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Convenient whole grains.

I found several products that will allow you to eat whole grains on the go – in a portable pack, pouch and cup. GF Harvest created a unique GoPack for oatmeal. All you do is tear the pack open at the top, add hot water and turn the pack into a bowl.  A company called Munk Pack sampled Oatmeal Fruit Squeeze – pouches of ready-to-eat oatmeal in flavors such as maple pear quinoa, blueberry acai flax, and raspberry coconut.   Beyond breakfast, it’s now easier to eat quinoa with Q Cups.  Simply add hot water to the microwaveable paper cup and the quinoa is ready in 5 minutes.  The varieties include Southwestern Barbeque and Savory Garlic and Mushroom.

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It was also great to see an old-school grain making a comeback:  sorghum.  This whole grain, described as “nature’s super grain,” comes in a variety of forms to easily incorporate into meals — from grain bowls and salads to casseroles and stir-fries.

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Better noodles.

While I love pasta and I don’t think it needs to be banned from anyone’s diet, many people are looking for ways to cut back on refined grains. That’s why we’ve seen the explosive popularity of spiralized vegetable noodles and cauliflower rice.  I spotted several exhibitors, including Banza and Explore Cuisine, touting new and improved noodles, including chickpea rotini, red lentil penne, green lentil lasagna noodles, edamame and mung bean fettuccine and black bean spaghetti (touted as gluten-free and higher in protein and fiber).  A company called Miracle Noodle created shirataki pasta and rice made from glucomannan, a soluble fiber extracted from the root of a Japanese plant called Konnyaku Imo.  The pasta is so full of water that’s it’s promoted as a zero calorie noodle.  Keep in mind that it’s virtually nutrient–free, too (except the fiber).  So that’s a downside. Plus, I’m biased against any product calling itself a “miracle” or “guilt-free.”  No food should evoke guilt, even real pasta.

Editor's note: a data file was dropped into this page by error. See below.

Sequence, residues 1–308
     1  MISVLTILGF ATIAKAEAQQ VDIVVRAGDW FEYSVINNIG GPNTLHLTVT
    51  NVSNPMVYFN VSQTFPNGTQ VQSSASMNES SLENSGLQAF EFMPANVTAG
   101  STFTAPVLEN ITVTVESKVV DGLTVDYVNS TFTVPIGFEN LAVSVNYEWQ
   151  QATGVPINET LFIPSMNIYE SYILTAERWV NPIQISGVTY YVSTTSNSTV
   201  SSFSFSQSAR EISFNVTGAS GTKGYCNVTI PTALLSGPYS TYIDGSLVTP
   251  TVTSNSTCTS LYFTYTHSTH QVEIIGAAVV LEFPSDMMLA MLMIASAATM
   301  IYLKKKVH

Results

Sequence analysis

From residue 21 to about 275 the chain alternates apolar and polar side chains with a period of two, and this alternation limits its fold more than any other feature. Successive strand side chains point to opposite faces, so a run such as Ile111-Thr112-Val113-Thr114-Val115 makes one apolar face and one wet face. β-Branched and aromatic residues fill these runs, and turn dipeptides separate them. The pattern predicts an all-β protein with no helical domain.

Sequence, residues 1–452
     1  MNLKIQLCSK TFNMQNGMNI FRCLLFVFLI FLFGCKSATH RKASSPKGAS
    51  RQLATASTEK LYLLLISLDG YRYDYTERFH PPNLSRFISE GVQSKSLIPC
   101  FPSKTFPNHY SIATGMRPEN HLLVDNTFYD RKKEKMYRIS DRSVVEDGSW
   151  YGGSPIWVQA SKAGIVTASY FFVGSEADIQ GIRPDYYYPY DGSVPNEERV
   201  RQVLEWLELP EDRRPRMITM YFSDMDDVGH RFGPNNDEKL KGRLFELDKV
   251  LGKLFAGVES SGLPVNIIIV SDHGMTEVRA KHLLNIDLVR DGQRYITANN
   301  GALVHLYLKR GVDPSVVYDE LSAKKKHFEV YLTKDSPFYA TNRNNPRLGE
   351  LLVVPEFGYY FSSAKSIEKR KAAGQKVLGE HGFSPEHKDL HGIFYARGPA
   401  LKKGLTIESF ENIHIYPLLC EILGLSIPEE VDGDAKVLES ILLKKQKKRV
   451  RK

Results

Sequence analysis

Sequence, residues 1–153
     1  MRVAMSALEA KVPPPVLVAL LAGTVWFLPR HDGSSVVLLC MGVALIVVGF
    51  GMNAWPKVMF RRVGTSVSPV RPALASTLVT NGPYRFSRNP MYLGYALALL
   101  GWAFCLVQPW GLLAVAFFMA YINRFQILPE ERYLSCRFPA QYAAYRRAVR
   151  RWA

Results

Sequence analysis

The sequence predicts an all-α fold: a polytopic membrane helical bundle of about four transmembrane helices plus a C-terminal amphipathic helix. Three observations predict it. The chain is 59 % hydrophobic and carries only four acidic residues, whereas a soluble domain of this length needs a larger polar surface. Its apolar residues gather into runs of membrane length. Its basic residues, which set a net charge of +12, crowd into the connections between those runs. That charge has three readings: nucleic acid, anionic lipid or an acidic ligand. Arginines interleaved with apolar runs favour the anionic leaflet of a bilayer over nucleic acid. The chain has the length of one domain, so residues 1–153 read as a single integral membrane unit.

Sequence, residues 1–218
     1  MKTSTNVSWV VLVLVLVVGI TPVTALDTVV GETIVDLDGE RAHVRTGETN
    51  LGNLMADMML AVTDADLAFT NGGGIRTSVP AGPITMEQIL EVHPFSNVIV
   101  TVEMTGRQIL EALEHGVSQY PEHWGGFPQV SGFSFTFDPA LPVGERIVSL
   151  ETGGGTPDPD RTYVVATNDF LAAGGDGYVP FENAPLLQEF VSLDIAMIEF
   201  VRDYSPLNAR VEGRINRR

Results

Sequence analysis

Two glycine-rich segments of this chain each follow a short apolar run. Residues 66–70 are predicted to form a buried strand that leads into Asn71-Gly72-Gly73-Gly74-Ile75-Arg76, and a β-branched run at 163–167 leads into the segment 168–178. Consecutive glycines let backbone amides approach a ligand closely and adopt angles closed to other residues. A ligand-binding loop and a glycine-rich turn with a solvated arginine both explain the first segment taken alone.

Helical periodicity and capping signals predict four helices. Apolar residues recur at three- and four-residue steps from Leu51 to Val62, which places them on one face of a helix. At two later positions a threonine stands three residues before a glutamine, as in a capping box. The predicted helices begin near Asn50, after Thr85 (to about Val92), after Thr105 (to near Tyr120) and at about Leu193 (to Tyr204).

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Veggies in new forms.